A Night Out Like the Parisiennes
“The bottle's not important as long as it gets you drunk.” Or, as it was originally said, "Qu'importe le flacon, pourvu qu'on ait l’ivresse.”
This line, by French poet Alfred de Musset, was originally quoted back in the 16th century, but look around and you’ll see that the very attitude it describes is still present in the minds of people living in Paris. I had made a couple of visits to Paris going back to 2011, mostly to see my best friend from college, before I recently took the plunge and moved here for one year. There was something about Paris that really clicked with me. It wasn’t the clichés that the world casts upon the French capital; rather, it was the irresistible charm that exists in the lives of the people here that captured my heart. This is true especially of the girls in Paris, a.k.a. the Parisiennes. Thanks to them my new adventure in Paris has been pleasant, because when it comes to two of the most essential things in my life—good food and booze—it is they who are the fiercest ones. Before getting to know them, the image I associated with the word “Parisiennes” was skinny girls in snobby clothes walking everywhere as if they were strutting down a catwalk. Sure, there could also be an Amelie Pouline (the heroine of “Amelie”) who spends most of her day chasing romance in Montmartre, but I haven’t met her yet. Forget about Chanel and Louis Vuitton; the Parisiennes I know wear clothes from clearance sales at H&M and Zara. They are practical and hard working with a strong sense of dignity. When Friday comes, however, this discreetness is left at the office. Seeing them dining is a great joy because, literally, they eat and drink like pirates. Their ability to completely lose themselves in momentary happiness is what I respect the most about these women. So, with that in mind, I give you the top three places where my friends and I often go to indulge. Bon appétit!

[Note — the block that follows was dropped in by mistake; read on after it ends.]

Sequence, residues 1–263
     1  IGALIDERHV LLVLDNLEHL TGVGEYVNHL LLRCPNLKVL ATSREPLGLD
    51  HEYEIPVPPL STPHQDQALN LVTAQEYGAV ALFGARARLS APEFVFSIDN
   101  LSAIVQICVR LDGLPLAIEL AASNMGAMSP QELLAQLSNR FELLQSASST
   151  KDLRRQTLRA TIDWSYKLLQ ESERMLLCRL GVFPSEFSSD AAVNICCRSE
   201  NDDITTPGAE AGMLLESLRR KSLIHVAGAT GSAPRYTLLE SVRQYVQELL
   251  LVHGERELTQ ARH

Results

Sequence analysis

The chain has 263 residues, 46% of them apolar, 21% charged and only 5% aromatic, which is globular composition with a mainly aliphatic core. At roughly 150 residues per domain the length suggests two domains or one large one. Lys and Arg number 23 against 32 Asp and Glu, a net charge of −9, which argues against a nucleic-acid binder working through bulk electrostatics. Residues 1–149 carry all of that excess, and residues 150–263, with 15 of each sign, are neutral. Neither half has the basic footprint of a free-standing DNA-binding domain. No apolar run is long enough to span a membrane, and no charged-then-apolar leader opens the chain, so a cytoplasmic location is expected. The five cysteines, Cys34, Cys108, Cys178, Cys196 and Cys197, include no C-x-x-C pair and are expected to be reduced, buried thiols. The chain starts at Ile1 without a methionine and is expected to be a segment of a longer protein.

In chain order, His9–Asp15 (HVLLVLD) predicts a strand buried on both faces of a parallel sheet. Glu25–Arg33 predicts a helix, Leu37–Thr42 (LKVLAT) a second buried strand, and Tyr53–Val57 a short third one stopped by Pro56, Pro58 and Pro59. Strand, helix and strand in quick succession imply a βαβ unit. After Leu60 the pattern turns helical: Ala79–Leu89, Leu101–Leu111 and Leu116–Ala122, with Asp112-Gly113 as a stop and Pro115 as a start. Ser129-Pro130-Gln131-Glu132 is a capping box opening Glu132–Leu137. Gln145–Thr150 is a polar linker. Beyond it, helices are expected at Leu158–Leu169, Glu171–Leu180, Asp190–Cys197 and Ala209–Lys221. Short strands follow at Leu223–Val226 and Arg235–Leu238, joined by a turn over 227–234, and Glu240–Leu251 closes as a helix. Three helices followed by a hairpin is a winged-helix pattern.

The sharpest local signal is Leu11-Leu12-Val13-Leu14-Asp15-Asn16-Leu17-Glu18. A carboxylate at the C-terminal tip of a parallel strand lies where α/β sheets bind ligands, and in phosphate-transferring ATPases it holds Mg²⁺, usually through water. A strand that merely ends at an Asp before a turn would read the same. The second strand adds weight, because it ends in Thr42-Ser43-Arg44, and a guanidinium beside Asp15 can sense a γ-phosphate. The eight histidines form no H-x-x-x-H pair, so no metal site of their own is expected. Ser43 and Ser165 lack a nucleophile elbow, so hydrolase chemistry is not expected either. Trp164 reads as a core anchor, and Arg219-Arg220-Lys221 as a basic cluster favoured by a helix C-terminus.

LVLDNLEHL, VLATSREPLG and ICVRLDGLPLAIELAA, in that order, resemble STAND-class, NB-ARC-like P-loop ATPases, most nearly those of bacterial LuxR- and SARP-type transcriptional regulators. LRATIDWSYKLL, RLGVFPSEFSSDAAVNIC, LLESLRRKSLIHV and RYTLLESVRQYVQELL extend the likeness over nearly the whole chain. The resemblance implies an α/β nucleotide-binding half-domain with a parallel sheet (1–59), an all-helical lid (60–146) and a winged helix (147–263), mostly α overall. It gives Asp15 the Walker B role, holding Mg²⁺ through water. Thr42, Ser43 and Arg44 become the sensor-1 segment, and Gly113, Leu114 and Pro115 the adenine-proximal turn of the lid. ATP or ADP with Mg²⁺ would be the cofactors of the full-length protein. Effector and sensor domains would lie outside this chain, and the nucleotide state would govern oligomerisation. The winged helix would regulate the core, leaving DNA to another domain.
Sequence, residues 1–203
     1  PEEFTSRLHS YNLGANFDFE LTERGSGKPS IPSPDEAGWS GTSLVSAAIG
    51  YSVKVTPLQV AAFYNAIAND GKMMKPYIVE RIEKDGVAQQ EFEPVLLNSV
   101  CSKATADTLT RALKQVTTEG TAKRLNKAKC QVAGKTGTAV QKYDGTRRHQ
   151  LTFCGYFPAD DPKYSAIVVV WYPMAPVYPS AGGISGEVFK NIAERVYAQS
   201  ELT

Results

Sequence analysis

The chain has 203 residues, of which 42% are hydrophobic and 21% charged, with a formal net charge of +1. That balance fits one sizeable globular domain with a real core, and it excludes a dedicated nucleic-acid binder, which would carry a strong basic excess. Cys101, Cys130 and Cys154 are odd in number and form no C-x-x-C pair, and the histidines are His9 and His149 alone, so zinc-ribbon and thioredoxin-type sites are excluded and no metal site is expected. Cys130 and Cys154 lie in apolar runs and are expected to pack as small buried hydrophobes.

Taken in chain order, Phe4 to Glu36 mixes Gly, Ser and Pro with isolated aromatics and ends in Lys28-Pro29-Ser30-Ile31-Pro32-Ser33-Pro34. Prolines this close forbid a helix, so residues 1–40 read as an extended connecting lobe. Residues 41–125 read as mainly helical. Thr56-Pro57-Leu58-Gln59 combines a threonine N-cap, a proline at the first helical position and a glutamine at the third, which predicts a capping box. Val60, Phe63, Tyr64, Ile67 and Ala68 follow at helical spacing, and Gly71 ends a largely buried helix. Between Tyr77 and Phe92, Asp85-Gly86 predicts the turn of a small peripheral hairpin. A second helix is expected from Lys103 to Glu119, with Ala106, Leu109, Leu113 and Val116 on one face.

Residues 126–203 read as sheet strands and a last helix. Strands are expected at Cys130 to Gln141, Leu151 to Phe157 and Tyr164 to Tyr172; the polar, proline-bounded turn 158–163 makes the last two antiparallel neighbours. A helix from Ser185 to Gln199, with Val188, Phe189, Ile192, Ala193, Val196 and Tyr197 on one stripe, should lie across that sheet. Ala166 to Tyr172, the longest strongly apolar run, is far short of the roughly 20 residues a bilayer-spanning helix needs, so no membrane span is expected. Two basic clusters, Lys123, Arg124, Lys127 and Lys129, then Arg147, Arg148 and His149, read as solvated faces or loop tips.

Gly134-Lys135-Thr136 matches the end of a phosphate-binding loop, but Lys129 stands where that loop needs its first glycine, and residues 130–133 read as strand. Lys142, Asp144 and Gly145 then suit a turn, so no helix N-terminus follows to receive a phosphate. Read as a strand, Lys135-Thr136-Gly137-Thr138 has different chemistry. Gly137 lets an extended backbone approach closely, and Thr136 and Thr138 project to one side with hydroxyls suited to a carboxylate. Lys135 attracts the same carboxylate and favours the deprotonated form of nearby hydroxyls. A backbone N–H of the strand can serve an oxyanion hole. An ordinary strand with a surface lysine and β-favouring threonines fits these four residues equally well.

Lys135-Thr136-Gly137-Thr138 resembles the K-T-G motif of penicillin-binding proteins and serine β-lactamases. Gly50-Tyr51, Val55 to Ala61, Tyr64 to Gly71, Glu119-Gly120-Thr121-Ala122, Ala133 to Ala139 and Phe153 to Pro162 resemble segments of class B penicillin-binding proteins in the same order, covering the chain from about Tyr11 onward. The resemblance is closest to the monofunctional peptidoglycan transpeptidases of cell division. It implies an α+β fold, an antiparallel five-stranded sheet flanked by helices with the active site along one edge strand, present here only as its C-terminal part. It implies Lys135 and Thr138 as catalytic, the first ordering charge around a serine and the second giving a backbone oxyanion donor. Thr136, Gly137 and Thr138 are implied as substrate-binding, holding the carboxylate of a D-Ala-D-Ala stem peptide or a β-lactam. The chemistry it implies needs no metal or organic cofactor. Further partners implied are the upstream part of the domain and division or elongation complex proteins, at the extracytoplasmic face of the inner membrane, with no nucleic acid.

The holy trinity of Chez Gladines is made up of these ideals: quality, quantity, and price. It is the only place in Paris where you can eat authentic and cheap Basque cuisine. The first time my friend took me to Chez Gladines, all I was told was that this place is located by Saint-Germain, a boulevard in the fifth district (the center of Paris). So naturally I assumed it would be bit pricy like all the other restaurants in the area. Well, I was very wrong. Here at Chez Gladines, you can dine to the point of loosening the button of your jeans, and do so without going broke.
The majority of the famous Basque dishes on the menu cost less than 10 Euros (about ¥1,300), which is almost nothing considering the sheer volume of quality food served on each plate. One of my favorite dishes from Chez Gladiens is the salde complete (8.90 Euros, or about ¥1,200): a huge bowl full of green lettuce topped with sliced ham, fresh tomatoes, an egg sunny side up, and baked potatoes. Despite its size, the flavors are amazingly delicate and well balanced. When you taste the melted cheese with mustard dressing, you will literally have a food orgasm. Don’t forget to order a pint of profound Basque beer (5 Euros, or about ¥660, for 50cl) to wash it all down. I have to warn you, though: there is no “light” food available at this restaurant, so don’t go there unless you are starving. Once you know the joy of Chez Gladines, there is no going back.
Address: 44 Boulevard Saint Germain, 75005 Paris